Flashcards in Colostrum and Failure of Passive Transfer in Farm Animals Deck (12)
When does transfer of immunoglobulins (Ig) to the udder occur?
4-6 weeks before calving and IgG is actively transferred into colostrum
How is IgG transferred to calf?
Colostrum is ingested by the calf and Ig is absorbed by the epithelial cells of the small intestine and passes into peripheral circulation via lymphatics
How is systemic protection of the calf achieved?
IgG and IgM
How is local protection of the intestine achieved?
Re-excretion of IgG into gut lumen and passage of IgA in colostrum (and milk) through gut lumen
What level of IgG is need for protection?
5g/l of IgG in plasma and for no disease to occur need 10g/l of IgG
What factors influence uptake of Ig?
Rapid decrease with each milking
Milk yield high = dilution of Ig in milk as only 29% Holsteins have 100g of Ig in 2l of milk
Dairy vs beef cattle - beef calves drink more of more concentrated colostrum
What factors influence the quality of colostrum?
Pre-calving milking or leaking, Short dry period, Premature calving or abortion, Heifers vs cows (heifers more naive but cows higher milk yield causes increased dilution), Mastitis, exposure to pathogens and vaccination of dam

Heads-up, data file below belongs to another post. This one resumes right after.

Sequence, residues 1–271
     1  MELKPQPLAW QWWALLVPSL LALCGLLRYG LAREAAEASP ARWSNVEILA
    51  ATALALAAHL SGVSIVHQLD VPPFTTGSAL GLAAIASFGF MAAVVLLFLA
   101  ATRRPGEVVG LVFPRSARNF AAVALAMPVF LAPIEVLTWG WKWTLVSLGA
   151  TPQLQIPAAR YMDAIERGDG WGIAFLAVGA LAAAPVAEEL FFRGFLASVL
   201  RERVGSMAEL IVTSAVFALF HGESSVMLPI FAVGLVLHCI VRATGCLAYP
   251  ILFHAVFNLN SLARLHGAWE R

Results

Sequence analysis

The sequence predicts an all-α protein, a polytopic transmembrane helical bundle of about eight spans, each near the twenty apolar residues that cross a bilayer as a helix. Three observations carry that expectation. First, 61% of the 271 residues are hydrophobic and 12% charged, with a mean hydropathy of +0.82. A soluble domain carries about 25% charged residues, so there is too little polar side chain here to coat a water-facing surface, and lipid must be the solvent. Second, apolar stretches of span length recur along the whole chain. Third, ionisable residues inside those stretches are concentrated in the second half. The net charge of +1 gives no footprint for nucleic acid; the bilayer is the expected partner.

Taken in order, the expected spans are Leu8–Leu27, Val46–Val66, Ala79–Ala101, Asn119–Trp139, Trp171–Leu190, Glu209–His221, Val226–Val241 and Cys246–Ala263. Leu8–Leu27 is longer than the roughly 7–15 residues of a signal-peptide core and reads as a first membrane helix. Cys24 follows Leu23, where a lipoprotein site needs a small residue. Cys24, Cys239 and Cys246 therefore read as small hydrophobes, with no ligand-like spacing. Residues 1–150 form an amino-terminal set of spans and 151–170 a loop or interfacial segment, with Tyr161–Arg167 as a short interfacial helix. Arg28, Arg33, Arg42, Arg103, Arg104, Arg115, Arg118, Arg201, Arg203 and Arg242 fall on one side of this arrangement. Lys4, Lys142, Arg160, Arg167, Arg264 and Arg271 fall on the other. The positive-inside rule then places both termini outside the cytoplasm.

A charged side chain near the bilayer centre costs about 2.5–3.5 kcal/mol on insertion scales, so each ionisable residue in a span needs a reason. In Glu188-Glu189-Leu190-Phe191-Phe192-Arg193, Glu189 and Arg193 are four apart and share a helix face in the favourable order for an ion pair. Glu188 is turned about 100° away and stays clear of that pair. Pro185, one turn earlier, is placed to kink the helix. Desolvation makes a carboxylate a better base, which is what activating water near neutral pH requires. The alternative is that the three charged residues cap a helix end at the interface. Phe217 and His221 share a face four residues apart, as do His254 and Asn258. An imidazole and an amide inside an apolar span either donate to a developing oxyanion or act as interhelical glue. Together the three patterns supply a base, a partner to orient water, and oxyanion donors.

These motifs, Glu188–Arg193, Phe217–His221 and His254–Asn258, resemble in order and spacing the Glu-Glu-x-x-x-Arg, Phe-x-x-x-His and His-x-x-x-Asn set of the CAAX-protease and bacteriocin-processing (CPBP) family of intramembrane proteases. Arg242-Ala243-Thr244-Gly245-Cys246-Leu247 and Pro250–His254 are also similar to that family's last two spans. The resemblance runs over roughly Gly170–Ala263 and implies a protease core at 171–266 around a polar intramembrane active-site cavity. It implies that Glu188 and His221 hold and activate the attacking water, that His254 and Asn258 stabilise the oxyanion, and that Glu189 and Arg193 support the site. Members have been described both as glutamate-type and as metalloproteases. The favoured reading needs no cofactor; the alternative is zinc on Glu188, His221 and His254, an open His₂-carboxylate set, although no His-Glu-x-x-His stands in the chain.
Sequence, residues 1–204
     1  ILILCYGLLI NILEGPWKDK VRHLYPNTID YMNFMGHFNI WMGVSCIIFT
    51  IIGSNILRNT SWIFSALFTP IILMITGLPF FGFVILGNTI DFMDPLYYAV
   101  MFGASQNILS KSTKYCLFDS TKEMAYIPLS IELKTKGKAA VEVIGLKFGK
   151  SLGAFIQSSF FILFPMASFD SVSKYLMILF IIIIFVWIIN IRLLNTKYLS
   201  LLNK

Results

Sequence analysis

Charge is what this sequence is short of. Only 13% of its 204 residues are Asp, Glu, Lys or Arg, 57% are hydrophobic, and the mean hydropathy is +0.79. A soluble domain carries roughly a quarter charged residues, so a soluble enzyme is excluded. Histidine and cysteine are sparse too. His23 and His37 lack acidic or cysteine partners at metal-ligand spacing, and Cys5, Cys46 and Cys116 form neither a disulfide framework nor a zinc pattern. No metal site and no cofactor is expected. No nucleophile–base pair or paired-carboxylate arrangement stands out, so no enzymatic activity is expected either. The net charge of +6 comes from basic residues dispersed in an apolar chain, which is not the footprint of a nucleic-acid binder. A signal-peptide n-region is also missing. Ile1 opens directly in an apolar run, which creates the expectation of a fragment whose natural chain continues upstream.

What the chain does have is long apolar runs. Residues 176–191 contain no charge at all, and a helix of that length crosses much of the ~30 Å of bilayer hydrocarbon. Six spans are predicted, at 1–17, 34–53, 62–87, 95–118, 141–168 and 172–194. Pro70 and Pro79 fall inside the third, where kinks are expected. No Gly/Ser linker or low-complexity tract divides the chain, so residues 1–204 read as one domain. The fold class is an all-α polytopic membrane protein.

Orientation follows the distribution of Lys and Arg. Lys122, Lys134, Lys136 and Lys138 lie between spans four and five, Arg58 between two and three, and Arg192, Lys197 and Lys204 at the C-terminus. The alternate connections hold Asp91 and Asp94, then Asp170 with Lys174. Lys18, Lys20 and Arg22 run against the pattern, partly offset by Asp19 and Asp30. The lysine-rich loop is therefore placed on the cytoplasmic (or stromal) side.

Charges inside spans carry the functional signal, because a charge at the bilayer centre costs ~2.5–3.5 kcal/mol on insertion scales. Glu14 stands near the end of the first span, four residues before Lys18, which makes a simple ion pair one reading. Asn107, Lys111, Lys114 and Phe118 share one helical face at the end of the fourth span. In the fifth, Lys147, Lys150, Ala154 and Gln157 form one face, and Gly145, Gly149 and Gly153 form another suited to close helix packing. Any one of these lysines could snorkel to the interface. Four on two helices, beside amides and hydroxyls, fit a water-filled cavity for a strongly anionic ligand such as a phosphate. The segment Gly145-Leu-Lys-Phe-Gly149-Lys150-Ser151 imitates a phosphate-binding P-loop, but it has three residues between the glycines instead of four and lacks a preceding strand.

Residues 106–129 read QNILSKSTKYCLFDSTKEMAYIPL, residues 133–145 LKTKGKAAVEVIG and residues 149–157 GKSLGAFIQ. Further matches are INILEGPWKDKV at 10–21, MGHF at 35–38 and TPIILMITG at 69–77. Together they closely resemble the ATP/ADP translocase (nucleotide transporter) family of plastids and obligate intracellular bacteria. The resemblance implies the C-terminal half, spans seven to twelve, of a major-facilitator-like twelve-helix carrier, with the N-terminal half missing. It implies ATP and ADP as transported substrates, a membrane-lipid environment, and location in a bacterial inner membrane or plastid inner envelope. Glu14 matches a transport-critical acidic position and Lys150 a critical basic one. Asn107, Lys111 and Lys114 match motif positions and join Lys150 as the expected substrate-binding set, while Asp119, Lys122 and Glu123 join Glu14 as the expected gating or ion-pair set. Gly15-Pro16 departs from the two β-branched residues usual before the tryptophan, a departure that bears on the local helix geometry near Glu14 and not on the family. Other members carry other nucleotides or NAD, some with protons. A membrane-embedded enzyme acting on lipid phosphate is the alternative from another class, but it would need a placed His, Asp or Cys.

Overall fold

What factors affect the volume of colostrum suckled?
Calf factors - weak calf, acidosis, dystocia, mouth problem
Teat factors - sore teats, teat shape/alignment, dropped udder
Mother factors - poor mothering, heifers, disturbance/stress, overcrowding of calving area, caesarean section, milk fever/downer cow, slippery floors
How can the farmer ensure passive transfer?
Assisted suckling with 20-30 minutes continuous suckling to ingest 2l of colostrum
Bottle and teat but need lots of practice
What does closure of the gut wall depend on?
Protein in the intestine
Time after calving (6h=66% absorption, 12h=46% absorption, 24h=12% absorption, 36h=7%)
How can you assess Ig uptake?
Measuring serum Ig of calf or specific gravity of colostrum